We went to a baseball game last week. Baseball fans are not generally known for their hooliganism - not that there aren't incidents, but they're few and far between enough, and involve few enough people, that I don't think they rise to the level of hooliganism as it's known in the UK/Europe. There was a guy sitting a few seat below us and a few rows over who was apparently causing a ruckus; what the ruckus was, exactly, we couldn't see, but people who could see notified the ushers, who came up and saw what was happening, and escorted the guy out. (FWIW, he was wearing a Dodgers cap, and this was at a Giants game - though the Giants and Dodgers were not playing each other at that particular game).

So there's that. See someone making trouble? Call for an usher/security, and the troublemaker(s) get ejected. Don't have enough ushers/security to handle to crowds? Then that's a problem.
posted by rtha at 9:10 AM on September 21, 2011 [1 favorite]


delmoi: I think you're missing the point. Allowing the women and under 12s was an afterthought. Men were not going to be allowed in, whether hooligan or impeccably mannered, and that is what rtha is saying. There were meant to be no spectators. Thus, the decision to allow women and children had no impact on well-behaved males. Men were not going to be let in anyhow.
Yeah as I said before, that doesn't make it fair, because instead of punishing everyone you're selectively punishing one group of people, the vast majority of whom are not responsible for the problem.

Imagine of a club or bar decided that it wanted to kick out all black people and then say that if they didn't they would close down. Would that be fair because "the decision had no impact on black people, because they wouldn't be able to go to club either way?" Obviously not. The only difference here is that you're using gender instead of race to make the determination.

As I said, doing something like a "ladies night" would be fair, because then you're not punishing one group specifically, but rather dividing things up so that both groups can enjoy the game.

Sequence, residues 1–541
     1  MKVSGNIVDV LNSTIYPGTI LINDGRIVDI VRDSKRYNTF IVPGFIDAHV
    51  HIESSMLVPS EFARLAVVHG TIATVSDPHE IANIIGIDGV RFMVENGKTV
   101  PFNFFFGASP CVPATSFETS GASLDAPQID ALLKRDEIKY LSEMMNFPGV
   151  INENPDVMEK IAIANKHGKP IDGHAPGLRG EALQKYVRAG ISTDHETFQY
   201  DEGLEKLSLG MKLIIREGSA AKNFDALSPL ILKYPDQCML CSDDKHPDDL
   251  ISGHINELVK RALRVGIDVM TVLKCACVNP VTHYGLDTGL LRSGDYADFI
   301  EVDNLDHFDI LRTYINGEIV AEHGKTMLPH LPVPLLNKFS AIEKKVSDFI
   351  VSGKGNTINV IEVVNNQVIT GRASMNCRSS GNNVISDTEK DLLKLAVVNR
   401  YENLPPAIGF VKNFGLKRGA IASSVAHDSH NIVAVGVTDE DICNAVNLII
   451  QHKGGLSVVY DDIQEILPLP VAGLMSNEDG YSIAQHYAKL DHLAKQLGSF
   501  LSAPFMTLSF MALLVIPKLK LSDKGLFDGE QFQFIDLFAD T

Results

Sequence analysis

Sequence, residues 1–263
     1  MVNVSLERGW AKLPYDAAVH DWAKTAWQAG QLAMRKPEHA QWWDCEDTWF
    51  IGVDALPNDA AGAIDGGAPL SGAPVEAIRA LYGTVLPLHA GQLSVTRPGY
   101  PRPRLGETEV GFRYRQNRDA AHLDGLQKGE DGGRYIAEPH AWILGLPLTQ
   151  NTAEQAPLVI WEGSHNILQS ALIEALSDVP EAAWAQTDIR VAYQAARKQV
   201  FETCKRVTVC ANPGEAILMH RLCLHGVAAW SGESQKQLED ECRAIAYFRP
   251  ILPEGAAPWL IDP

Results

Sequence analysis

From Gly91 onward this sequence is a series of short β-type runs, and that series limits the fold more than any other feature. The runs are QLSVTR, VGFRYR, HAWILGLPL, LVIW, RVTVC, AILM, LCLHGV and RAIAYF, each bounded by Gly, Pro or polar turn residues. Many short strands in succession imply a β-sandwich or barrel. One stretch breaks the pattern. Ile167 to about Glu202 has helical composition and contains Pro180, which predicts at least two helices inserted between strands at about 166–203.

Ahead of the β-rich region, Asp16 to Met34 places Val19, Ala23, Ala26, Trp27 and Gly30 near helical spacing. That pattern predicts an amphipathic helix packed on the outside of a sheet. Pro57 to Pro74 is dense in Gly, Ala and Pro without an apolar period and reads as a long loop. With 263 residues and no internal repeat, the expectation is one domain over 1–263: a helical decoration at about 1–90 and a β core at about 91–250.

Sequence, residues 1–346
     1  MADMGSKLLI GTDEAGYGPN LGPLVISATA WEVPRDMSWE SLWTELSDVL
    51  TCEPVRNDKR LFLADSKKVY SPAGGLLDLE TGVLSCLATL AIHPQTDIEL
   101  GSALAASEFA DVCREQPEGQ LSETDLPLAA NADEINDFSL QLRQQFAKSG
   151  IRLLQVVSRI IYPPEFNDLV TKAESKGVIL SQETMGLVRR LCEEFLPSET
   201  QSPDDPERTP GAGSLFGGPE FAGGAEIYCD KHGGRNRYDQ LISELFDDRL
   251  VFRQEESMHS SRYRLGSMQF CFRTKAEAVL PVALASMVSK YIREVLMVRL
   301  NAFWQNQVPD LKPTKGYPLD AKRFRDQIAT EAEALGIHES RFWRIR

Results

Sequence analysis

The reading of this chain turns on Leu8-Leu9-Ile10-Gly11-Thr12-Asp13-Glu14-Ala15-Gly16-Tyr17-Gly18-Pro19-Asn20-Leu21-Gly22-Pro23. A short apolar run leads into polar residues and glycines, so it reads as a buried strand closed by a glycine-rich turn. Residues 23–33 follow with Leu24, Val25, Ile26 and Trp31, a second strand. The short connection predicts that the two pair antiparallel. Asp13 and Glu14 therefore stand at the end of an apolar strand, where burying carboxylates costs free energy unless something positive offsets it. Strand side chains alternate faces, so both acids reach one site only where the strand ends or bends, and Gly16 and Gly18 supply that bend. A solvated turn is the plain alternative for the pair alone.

posted by delmoi at 9:15 AM on September 21, 2011


Imagine of a club or bar decided that it wanted to kick out all black people and then say that if they didn't they would close down. Would that be fair because "the decision had no impact on black people, because they wouldn't be able to go to club either way?" Obviously not. The only difference here is that you're using gender instead of race to make the determination.


You realize that being black is not an action that anyone has any control over? You analogy does not work when you start with an entirely different premise. It's inherently unfair and illegal to not allow black people into a bar or club, and we're all aware of that.
posted by oneirodynia at 9:26 AM on September 21, 2011 [2 favorites]


The cheering for discrimination is this thread is disgusting.
posted by MillMan at 9:33 AM on September 21, 2011


Are we sure that some on the original holligans were not women and children under 12? It is a bit sexist to say that only men can be hooligans, I'm sure there are many women who are just as big dunken assholes as men.

The imbalance in hooliganism is really the problem here. Is there any way we can get more women interested in hooliganism? Perhaps we should start by letting little girls know that it is ok for them to drink and fight.
posted by Ad hominem at 9:42 AM on September 21, 2011 [2 favorites]


Azaadistani : Men were not going to be allowed in, whether hooligan or impeccably mannered, and that is what rtha is saying. There were meant to be no spectators. Thus, the decision to allow women and children had no impact on well-behaved males. Men were not going to be let in anyhow.

If they had allowed only non-Jews, would you still consider it okay, since the Jews wouldn't have gotten in anyway?
posted by pla at 9:44 AM on September 21, 2011


Imagine of a club or bar decided that it wanted to kick out all black people and then say that if they didn't they would close down.

I think this statement may be the Rosa Parks of comparing the plight of male football fans to the struggle against segregation.
posted by running order squabble fest at 9:45 AM on September 21, 2011 [1 favorite]


Oh the dog-piling and whinging, oh_poor_men_getting_all_pounded_on_again.

No comments on responsibilities? Shared responsibility for violence?

I didn't think so.
posted by Surfurrus at 9:47 AM on September 21, 2011


I didn't think this was true until I clicked the link.....
posted by mitrieD at 9:47 AM on September 21, 2011


And, just to show there's always a trapdoor in Hell:

If they had allowed only non-Jews, would you still consider it okay, since the Jews wouldn't have gotten in anyway?